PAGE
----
India leads South Asia with its rapid decline in child marriages

While statistics show a decrease in early marriages, the practice is still predominant across India. Here’s how the government can address this problem at the grassroot level.
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Child marriage is a curse that India has been battling since time immemorial. Today, things have slowly changed, and there is hope yet with a latest survey that reveals that there has been a decline in child marriages in India, though the country is still home to one of the largest number of underage brides. Marrying so young directly impacts the health of the girl, as child marriages are often accompanied by early and frequent pregnancies and childbirth, resulting in higher than average maternal morbidity and mortality rates.


child marriage


The recent data shows


  • The World Population Data (2017) shows that India’s Adolescent birth rate per 1,000 women aged 15 to 19, is around 28 which is lesser than the South Asian average of 35 percent.
  • The decline in the overall child marriage rate in India has also resulted in the overall decline of the child marriage rate in South Asia from almost 50 to 30 percent.
  • Despite the sharp decline, India is still home to one of the largest numbers of underage brides.


Child marriage or early marriage is a human rights violation. With at least one of the parties under 18 years of age, and not personally expressing their full and free consent to the union. Technically, for the past 90 years, child marriage has been outlawed in India. The Child Marriage Restraint Act in 1929 set the legal minimum age of marriage at 14 for girls and 18 for boys. This was also the first time, after the discontent shown by the Muslim community, child marriage was brought under the Muslim Personal Law, implying that no minimum limit and allowed parental or guardian consent is required in the case of Muslim marriages.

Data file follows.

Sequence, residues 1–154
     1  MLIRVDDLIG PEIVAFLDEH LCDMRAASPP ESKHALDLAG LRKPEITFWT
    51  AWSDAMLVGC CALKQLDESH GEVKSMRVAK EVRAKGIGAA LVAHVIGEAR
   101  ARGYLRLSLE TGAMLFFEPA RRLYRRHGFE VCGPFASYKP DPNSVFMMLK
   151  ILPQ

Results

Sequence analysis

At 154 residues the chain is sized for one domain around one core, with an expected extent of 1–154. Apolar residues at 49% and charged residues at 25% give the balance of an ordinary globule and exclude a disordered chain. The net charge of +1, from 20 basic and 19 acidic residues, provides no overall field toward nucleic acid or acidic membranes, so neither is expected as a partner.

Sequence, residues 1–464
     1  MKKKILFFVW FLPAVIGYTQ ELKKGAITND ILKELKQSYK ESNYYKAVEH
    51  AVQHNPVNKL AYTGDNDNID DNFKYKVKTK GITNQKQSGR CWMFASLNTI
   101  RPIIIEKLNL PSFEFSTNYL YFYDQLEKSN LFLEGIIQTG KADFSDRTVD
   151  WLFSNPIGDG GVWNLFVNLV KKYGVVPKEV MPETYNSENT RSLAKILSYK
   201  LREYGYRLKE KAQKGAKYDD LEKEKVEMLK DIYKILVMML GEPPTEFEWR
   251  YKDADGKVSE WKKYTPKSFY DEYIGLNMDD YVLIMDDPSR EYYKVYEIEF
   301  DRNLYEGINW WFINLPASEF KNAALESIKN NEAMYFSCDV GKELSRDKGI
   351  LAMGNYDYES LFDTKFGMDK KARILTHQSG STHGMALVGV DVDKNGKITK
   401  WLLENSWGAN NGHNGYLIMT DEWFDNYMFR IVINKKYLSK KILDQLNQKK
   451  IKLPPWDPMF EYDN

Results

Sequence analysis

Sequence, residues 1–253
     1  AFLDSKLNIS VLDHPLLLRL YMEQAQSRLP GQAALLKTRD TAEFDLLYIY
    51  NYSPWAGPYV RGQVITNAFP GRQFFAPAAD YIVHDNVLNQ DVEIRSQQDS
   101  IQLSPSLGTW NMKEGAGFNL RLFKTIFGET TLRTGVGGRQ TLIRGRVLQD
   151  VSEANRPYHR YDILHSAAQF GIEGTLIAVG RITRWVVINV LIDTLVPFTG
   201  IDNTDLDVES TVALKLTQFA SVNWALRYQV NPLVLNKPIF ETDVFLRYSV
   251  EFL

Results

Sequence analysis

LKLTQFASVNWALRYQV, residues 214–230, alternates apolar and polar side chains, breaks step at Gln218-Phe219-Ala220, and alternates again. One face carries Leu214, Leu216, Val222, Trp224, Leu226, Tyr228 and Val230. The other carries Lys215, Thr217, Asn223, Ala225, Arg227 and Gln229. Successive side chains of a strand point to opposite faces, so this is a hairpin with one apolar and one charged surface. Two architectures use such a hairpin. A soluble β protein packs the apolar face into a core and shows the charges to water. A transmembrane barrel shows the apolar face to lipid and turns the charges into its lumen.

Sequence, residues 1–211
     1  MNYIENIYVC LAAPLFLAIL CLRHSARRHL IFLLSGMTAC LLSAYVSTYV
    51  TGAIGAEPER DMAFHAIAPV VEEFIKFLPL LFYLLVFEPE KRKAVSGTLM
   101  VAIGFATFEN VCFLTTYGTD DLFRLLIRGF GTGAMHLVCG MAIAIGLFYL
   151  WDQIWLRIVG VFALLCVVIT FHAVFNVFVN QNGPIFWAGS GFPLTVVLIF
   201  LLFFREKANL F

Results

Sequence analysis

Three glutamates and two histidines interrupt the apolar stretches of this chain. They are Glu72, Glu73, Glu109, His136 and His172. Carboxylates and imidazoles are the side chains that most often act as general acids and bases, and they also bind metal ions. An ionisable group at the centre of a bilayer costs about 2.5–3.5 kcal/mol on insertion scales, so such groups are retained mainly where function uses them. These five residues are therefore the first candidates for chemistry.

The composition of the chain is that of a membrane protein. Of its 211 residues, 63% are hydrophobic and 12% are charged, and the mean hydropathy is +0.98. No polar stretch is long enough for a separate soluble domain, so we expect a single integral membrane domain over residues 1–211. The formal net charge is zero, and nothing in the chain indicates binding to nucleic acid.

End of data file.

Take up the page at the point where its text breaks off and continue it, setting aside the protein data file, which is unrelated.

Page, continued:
Gradually, the introduction of the Child Marriage Act 2006 gave the issue its due status of harmful practice which should be eliminated, and therefore moved the legal mechanism from restraint to prohibition mode. The subsequent rulings included one by the Gujarat High Court in 2015 that held that the Child Marriage Act is a Special Act and it will override the provisions of the Muslim Personal Law, Hindu Marriage Act or any personal law. The ruling by the Supreme Court of India that criminalises sex with a child bride further strengthened the implications of the act.


India is party to several international and regional mandates, and commitments that have a bearing on children’s rights and entitlements with respect to survival, development, protection, equity of gender and identity, notably the international covenants and conventions and other commitments promoting equal rights of all boys and girls, particularly the Universal Declaration of Human Rights, the UN Convention on the Rights of the Child, CEDAW, the Beijing Platform for Action, the 2002 ‘World fit for Children’ UN commitments, SENDAI Framework of Disaster Risk Reduction, and to the SAIEVAC–Kathmandu Call to Action and other regional agreements and plans, all of which are relevant for the overall development and protection of the children of India.


The World Population Data (2017) shows that India’s adolescent birth rate per 1,000 women aged 15 to 19, is around 28 which is lesser than the South Asian average of 35 percent. The sharp decline in the adolescent fertility rate from 66 in 2000 to the current rate can also be contributed to the sharp decline in child marriages that could eventually be contributed to the increasing rate in girls’ education, proactive government investments in adolescent girls, and strong public messaging around the illegality of child marriage and the harm it causes. All this has contributed to the shift in numbers. The decline in the overall child marriage rate in India has also resulted in the overall decline of the Child Marriage rate in South Asia from almost 50 to 30 percent.